Next month will be my last posting following Robin Roffer's "4 Things You Can Do Now To Reinvent Yourself." As always, I welcome your feedback.
Tuesday, May 3, 2011
This article is reposted by permission of the author. It originally appeared here.
Now that I’ve been blogging for a couple of months, I decided to try an experiment: to list some of my favorite statements from my articles and books, and instead of discussing them, let them speak for themselves.
You might think they don’t make any sense out of context or that without elaboration they’re too simple… or you might appreciate them because they remind you of what you already know or stimulate your thinking.
Successful leaders understand that true power comes not from exercising control, but from empowering others.
A vision is a clearly-articulated, results-oriented picture of a future you intend to create. It is a dream with direction.
A real vision is lived, not framed.
Curiosity opens doors. Blame closes them.
People who focus only on a vision live with their heads in the clouds. People who focus only on current reality live with their feet stuck in the mud.
Leadership is about going somewhere. If you don’t know where you’re going, your leadership efforts don’t really matter.
Vision is knowing who you are, where you’re going and what will guide your journey.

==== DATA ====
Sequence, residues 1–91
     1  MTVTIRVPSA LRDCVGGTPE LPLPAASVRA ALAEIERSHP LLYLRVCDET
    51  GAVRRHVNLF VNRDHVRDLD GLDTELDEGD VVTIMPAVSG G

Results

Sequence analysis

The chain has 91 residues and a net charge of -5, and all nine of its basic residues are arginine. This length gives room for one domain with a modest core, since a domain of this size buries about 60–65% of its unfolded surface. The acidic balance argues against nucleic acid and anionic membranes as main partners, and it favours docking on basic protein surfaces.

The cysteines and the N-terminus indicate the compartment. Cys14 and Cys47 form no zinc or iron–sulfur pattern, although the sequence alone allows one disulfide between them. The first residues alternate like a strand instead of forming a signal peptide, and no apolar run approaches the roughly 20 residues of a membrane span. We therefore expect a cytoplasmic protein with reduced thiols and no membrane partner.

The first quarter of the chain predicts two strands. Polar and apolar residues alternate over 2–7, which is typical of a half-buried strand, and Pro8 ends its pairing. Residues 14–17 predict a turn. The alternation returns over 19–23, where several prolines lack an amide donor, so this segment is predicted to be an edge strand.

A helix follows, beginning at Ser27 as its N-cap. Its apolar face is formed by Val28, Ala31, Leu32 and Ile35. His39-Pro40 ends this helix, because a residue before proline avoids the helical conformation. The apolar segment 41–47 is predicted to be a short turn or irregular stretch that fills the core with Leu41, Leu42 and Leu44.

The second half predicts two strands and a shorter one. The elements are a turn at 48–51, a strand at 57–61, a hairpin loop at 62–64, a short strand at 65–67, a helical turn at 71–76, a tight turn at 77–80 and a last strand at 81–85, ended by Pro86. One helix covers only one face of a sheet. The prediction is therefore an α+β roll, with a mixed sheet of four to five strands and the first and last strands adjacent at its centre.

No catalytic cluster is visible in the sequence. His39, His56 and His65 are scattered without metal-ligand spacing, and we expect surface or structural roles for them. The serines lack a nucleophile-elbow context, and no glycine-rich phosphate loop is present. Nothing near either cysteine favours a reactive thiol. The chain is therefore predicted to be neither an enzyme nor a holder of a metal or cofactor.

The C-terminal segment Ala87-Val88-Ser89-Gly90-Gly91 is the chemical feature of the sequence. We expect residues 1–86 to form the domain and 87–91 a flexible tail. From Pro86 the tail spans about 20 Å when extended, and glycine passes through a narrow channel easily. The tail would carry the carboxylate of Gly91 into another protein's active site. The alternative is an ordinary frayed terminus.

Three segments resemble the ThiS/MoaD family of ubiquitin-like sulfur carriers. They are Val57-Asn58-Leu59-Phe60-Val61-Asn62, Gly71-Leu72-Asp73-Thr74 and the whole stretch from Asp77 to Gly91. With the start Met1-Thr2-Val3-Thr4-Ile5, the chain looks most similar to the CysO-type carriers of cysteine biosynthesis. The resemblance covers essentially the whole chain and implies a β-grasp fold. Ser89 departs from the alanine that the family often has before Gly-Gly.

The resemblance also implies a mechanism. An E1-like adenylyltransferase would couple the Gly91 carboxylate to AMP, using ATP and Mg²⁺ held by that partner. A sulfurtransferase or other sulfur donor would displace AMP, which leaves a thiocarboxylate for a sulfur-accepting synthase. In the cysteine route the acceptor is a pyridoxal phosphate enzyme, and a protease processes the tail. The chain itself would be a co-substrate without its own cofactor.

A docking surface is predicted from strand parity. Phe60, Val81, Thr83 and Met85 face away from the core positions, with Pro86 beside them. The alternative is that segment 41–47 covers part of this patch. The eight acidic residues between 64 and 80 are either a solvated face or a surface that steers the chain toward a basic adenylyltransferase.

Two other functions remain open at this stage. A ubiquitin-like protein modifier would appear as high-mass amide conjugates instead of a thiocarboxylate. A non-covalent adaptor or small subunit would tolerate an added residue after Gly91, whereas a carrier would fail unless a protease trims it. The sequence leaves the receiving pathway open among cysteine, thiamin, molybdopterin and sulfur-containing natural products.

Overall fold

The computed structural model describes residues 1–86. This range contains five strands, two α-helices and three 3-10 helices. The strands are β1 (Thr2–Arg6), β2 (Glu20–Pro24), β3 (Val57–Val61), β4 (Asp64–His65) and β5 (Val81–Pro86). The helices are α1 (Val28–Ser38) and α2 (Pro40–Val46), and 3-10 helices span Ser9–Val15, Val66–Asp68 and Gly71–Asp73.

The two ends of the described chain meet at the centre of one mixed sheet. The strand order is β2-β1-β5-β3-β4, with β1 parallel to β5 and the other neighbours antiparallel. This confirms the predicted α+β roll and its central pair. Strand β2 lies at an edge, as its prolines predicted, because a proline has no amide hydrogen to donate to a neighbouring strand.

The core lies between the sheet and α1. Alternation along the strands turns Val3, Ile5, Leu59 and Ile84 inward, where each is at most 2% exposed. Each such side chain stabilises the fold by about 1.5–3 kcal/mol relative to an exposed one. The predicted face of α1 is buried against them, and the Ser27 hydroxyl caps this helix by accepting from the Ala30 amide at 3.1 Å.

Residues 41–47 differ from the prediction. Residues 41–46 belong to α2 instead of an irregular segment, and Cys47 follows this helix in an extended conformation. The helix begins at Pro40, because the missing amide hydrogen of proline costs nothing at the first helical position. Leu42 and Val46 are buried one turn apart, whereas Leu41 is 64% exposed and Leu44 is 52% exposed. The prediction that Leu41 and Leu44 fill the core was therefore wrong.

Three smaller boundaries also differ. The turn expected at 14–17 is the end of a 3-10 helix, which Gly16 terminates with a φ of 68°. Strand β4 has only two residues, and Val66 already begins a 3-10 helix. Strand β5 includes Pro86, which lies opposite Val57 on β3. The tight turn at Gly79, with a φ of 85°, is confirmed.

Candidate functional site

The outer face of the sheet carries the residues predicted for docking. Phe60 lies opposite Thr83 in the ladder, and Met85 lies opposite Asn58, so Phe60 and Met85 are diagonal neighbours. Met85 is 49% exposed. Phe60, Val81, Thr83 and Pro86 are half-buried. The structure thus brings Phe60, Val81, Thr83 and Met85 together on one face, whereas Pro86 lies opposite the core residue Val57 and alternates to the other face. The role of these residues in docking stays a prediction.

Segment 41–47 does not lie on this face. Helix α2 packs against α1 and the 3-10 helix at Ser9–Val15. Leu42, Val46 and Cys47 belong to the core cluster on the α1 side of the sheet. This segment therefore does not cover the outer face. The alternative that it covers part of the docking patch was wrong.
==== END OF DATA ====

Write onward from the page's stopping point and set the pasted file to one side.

If not in service of a shared vision, leadership can become self-serving.
Focus on what you want to create, not what you want to leave behind.
Vision is about being great, not about beating the competition.
On this planet, we are part of one community. If your vision is only about yourself, you are too narrowly focused.
Vision can start anywhere in an organization. It’s not an excuse to say, “My company does not have a vision, so my team can’t have one.”
To achieve your vision, you must be willing to tolerate discomfort and delay gratification in the short term.
The images we hold in our minds have a tremendous impact on the realities we create.
Visioning is a lifelong journey, not a one-time activity.
Jesse Lyn Stoner, founder of Seapoint Center, works with leaders to align their business strategies and organization culture. With over thirty years experience as a business consultant, former executive, and bestselling author, Jesse has worked with leaders in hundreds of organizations worldwide from Fortune 500's to non-profits. Her clients include Honda, Pfizer, Marriott, Edelman Public Relations, Yale University, Jackson Hole Ski Resort, Barnes and Noble, and Corinthian Colleges. She is coauthor, with Ken Blanchard, of the international bestseller Full Steam Ahead: Unleash the Power of Vision. The 2nd edition, revised and expanded, was just released. For more information, please visit Seapoint Center or look her up on Twitter